Spectrophotometers are some of the most common pieces of laboratory equipment. Their popularity owes to the fact that spectrophotometry is a widely applicable technique used in both research and clinical processes.
Fundamentally, spectrophotometers are instruments that measure the intensity and wavelength of light passing through a sample. Their three core components – the spectrometer, photometer, and diffraction grating – work together to facilitate this. The spectrometer produces light across a defined range of wavelengths. This light meets the diffraction grating, which separates it from one combined beam into its composite wavelengths. Each wavelength is directed toward the sample, where most of it is absorbed and only a small slice passes through. The photometer then detects the amount of absorbed and unabsorbed light for each wavelength and records the results.
Spectrophotometers are quickly becoming an area of expertise for our technical staff here at New Life Scientific. With their help, we’ve compiled the following information to help you learn more about what the used market looks like for these instruments and how you can find one suitable for your work.
Types of Used Spectrophotometers
Spectrophotometers are broadly categorized by the wavelength ranges that they cover: either UV-visible light, or infrared light. The unit you’ll need will depend on what your work demands.
- UV-visible: These units can detect ultraviolet light (185 – 400 nm) through light visible to the human eye (400 – 700 nm). On the used market, UV-visible units are much more popular than IR systems. Examples include the PerkinElmer Lambda 35 and the Molecular Devices SpectraMax 384.
- IR: Infrared units operate in the 700 – 15,000 nm range. Examples include the Thermo Fisher Nicolet iS20 and the JASCO FT/IR-4000.
While there are many spectrophotometer manufacturers, we consistently have units from the same few in our tech shop. These would include:
- Varian: Though it’s now owned by Agilent Technologies, Varian units are some of the most commonplace on the used market. They’re known for their Cary series, which are a favorite here in our tech shop due to their robust design and reliability.
- Molecular Devices: Another familiar brand, Molecular Devices manufactures the ongoing SpectraMax series. SpectraMax units are unique in that they typically have more features than many of their competitors in the same price bracket, such as microplate reading, incubation, and agitation.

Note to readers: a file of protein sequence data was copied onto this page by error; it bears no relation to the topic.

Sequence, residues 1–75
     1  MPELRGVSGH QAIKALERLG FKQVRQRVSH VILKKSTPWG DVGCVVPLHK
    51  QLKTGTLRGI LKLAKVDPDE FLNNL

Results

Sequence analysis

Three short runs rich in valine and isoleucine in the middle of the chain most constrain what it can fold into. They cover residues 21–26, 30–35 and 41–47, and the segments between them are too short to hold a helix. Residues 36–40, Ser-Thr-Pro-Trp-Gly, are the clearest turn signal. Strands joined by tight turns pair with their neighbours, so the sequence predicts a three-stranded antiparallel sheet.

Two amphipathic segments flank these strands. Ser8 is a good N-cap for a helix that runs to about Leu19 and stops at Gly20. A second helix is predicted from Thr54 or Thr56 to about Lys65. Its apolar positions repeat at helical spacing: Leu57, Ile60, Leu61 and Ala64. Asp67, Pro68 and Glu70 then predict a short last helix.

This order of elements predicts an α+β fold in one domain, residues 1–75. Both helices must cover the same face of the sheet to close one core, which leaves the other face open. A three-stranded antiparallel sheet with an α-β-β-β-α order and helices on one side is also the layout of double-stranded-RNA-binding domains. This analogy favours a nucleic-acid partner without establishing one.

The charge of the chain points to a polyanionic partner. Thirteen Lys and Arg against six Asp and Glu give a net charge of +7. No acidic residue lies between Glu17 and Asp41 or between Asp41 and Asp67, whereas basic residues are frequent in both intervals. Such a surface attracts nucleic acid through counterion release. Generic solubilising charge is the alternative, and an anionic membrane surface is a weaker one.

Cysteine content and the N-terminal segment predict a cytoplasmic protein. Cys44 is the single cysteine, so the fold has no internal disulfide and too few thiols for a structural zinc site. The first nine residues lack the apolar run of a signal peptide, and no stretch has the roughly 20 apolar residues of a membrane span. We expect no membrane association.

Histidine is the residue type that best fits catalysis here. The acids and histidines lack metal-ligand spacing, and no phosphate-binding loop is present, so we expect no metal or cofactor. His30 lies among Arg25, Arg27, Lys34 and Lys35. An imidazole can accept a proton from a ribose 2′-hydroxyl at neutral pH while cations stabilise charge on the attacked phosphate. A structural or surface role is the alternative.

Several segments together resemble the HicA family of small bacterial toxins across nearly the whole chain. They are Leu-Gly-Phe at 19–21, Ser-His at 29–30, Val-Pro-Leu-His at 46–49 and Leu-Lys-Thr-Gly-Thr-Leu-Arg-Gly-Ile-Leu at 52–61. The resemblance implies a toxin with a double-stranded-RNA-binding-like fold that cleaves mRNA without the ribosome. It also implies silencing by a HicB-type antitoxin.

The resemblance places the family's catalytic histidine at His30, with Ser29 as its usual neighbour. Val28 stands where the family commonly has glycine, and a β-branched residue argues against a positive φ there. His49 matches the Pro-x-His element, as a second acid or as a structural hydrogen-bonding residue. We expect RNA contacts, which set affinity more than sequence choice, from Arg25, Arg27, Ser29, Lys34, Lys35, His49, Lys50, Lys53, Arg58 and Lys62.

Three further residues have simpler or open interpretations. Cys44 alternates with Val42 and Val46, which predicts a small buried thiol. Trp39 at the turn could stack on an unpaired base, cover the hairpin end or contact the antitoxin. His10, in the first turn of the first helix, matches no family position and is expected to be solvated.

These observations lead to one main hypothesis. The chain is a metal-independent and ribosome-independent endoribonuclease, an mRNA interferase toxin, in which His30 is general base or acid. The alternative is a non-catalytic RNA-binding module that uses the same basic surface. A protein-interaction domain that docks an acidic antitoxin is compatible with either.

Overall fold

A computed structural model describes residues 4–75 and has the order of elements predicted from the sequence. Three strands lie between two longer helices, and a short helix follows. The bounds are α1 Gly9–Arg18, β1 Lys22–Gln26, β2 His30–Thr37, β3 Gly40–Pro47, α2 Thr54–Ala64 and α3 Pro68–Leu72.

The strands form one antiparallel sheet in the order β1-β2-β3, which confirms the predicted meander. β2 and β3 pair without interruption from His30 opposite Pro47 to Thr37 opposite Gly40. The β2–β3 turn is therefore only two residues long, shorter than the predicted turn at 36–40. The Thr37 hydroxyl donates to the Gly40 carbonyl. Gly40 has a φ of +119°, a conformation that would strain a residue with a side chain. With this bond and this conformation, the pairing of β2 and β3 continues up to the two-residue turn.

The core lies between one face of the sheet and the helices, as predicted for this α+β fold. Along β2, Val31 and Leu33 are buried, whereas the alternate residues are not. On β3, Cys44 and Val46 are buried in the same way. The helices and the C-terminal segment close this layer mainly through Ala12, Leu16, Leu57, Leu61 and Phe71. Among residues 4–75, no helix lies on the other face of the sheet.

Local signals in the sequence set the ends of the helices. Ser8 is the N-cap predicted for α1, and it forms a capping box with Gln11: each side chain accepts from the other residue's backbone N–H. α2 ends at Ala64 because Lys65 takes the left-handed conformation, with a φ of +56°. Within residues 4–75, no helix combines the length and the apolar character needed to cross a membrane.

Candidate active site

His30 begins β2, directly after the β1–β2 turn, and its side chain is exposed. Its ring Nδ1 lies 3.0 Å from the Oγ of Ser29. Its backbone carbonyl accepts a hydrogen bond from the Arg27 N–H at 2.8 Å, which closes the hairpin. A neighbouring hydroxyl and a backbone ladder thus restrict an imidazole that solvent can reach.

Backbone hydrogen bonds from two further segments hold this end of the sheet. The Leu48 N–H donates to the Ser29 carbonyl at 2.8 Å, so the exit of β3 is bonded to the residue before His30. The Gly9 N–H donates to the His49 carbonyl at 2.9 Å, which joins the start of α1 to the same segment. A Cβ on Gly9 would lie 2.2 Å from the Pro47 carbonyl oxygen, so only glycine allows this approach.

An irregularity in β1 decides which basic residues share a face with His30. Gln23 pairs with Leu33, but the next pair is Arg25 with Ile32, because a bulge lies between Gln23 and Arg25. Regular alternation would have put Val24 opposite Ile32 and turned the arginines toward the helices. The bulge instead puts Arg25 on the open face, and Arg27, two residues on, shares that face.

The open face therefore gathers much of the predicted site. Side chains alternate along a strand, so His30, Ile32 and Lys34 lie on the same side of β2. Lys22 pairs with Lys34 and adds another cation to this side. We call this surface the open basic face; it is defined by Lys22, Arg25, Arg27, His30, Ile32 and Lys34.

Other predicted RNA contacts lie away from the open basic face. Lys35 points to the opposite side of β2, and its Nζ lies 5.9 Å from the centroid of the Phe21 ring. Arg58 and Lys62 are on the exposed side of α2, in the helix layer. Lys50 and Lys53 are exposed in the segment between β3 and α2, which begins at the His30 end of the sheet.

- Perkin Elmer: As one of the biggest names in biotech, it should come as no surprise that Perkin Elmer produces spectroscopy equipment alongside their other 4 billion pursuits. Perkin Elmer offers both cuvette and plate spectroscopy readers through their Lambda and VICTOR series, respectively.
Why Buy Used Spectrophotometers
So long as it’s confirmed to provide accurate measurements, there’s virtually no difference between what new and used spectrophotometers provide. As such, buying used has some significant upsides:
- Lower costs: Yeah, this is a pretty obvious one, but it’s worth reiterating: buying a used spectrophotometer can save you tens of thousands of dollars.
- Eco-friendly: By supporting the used equipment economy, you’re helping us extend the life of these perfectly functional instruments and keep them out of landfills.
Buy From a Trusted Seller Like New Life Scientific
As one of the first third-party dealers to use Holmium oxide standards, we offer deeper testing and service than many of our competitors while still maintaining competitive prices. Additionally, we make an effort to produce detailed and informative product descriptions so you’ll know exactly what you’re buying.
What to Look for in a Used Spectrophotometer
- Warranty: Used equipment isn’t always sold by trustworthy dealers. Some sellers may claim they “tested” a spectrophotometer when all they did was power it on. As such, it’s best to only buy units that are backed with a warranty of at least 30 days so your purchase is protected.
- Sample Format: Many spectrophotometers only support cuvette reading. While this is sufficient for many research labs, clinical labs with higher demand may require the ability to scan entire microplates. Additionally, some samples may require agitation or incubation for proper processing. You’ll need to have a firm idea of what your work demands in these regards before you start shopping.
- PC & Software: While there are some self-contained spectroscopy systems available, the vast majority of them require external computers and software to run. If you don’t already have software on hand, be prepared to either (A) find a used unit that does include those things, or (B) pay the manufacturer a decent chunk of change for a copy of the software.
- Lamp Health: Lamps are rather expensive consumables. You should be prepared to shell out cash for a new one, or take the time to find a unit that doesn't have many hours logged on its lamp. Lamp lifespans vary by model and manufacturer.
Used Spectrophotometers for Sale from New Life Scientific
Here at NLS, we offer a fairly wide selection of tested and verified spectrophotometers. Combined with our lengthy warranty options and expert support, you can rest assured that our spectrophotometers will work well for you.
If you have any questions, reach out to us at firstname.lastname@example.org or give us a call at (567)-221-0615.